That’s Why They Play the Games

Figures often beguile me, particularly when I have the arranging of them myself; in which case the remark attributed to Disraeli would often apply with justice and force: ‘There are three kinds of lies: lies, damned lies and statistics’.” Mark Twain(1)

Felix Hernandez, the workhorse ace of the hapless Seattle Mariners, was awarded the 2010 American League Cy Young Award despite having, at 13-12, by far the worst winning percentage among the candidate starting pitchers and the lowest number of wins by a starter in the history of the award. Hernandez won a lot easier on the ballot box than on the mound, collecting 21 of the 28 first place votes cast by baseball writers. The election set off a debate about the purpose of the award and the appropriate bases for selecting the winner. Many traditionalists, while acknowledging Felix’ enormous talent, are uncomfortable declaring that a barely .500 pitcher is the best in the league. Others, many of them in the sabermetric community, are trumpeting the selection as a triumph of scientific analysis.

For our purposes, I will accept the notion that the Cy Young Awards are intended to honor the best pitchers in each league and will concede also that the voters honorably and conscientiously seek to interpret the candidates’ records to determine who is best. I do think they have become overly mesmerized by the sabermetricians’ efforts to distill the pure essence of individual performances.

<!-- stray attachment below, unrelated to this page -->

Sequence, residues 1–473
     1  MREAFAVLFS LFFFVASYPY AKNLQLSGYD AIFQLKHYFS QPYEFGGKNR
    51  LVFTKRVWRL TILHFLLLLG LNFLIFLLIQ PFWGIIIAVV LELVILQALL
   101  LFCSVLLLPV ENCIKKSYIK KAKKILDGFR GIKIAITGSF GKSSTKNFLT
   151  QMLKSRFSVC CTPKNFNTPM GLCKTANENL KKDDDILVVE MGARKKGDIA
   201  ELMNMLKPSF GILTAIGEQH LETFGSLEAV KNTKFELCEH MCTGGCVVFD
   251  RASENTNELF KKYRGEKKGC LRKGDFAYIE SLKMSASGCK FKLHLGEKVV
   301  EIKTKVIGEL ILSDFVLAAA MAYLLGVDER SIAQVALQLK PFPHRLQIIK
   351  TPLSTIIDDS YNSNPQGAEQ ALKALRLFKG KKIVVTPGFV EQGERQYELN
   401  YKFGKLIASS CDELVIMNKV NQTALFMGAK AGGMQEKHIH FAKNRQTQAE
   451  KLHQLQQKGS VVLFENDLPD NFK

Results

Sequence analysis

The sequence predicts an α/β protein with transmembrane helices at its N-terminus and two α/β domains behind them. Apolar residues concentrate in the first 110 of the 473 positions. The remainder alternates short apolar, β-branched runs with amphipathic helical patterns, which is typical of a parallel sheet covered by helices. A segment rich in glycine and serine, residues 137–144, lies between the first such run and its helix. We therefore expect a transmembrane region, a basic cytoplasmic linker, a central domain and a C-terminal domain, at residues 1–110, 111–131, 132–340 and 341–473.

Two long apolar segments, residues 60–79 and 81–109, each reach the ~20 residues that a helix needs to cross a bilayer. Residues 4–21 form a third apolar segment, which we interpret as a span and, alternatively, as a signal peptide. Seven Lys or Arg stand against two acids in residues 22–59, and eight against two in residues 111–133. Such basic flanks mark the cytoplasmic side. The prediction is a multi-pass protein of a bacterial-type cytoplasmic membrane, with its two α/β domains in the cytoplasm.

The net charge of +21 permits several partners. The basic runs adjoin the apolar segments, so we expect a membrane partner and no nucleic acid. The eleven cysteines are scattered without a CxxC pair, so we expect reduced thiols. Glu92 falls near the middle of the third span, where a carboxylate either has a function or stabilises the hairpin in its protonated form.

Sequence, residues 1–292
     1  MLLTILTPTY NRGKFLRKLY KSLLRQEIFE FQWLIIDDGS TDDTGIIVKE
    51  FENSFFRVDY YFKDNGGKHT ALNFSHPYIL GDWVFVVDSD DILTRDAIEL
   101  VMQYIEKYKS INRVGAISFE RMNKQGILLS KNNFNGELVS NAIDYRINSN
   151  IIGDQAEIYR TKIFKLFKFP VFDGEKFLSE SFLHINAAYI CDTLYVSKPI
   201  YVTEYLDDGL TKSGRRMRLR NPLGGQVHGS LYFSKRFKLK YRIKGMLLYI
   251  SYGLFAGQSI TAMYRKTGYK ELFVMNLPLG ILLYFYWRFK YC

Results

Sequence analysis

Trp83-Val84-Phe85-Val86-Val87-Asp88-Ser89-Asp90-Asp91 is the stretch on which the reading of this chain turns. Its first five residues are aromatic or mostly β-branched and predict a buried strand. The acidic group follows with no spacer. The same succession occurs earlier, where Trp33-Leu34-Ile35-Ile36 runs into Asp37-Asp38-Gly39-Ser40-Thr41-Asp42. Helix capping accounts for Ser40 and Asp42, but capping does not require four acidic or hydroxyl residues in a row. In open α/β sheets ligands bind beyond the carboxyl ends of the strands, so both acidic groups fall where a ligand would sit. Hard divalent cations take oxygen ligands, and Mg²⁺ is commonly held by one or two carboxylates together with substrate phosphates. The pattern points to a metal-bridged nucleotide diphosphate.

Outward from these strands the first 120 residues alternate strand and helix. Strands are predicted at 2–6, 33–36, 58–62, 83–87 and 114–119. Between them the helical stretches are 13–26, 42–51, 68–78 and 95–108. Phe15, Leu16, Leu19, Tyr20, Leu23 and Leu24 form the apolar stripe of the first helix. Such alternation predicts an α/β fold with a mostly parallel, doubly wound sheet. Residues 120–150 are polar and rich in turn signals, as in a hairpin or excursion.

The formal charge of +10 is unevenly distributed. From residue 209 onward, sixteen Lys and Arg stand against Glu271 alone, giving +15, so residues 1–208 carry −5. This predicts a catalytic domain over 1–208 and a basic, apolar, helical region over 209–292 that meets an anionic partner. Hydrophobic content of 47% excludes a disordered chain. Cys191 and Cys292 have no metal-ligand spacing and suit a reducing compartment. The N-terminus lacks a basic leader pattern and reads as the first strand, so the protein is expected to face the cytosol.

Historically, our definition of best pitcher emphasized the number of wins credited to the pitcher. For context, I have reproduced below the ESPN Cy Young Predictor developed by Bill James and Rob Neyer, based on a statistical analysis of past winners(2). As you can see, Hernandez tied or led all of the leading starting pitchers in every major category except won-lost record.

The N-J formula projected the Yankees’ CC Sabathia the winner followed closely by Tampa Bay’s David Price with Hernandez a distant sixth. I am not endorsing the N-J predictions, but I am using them because their research reflects the historical pattern of voting and is reasonably representative of the type of calculations, explicit or implicit, that most of us fans perform when determining our favorites for the award. My preferred candidates were David Price and John Lester. (I do not consider relievers valid Cy Young candidates so I never examined the three listed by N-J.) My impression based on listening to sports radio and TV was that Sabathia was the leading choice among commentators. So I was more than mildly surprised when Hernandez won by a landslide.

The N-J formula is the weighted sum of various statistics: Cy Young Points (CYP) = ((5*Innings Pitched/9)-Earned Runs) + (Strike Outs/12) + (Saves*2.5) + Shutouts + ((Wins*6)-(Losses*2)) + VB. (3)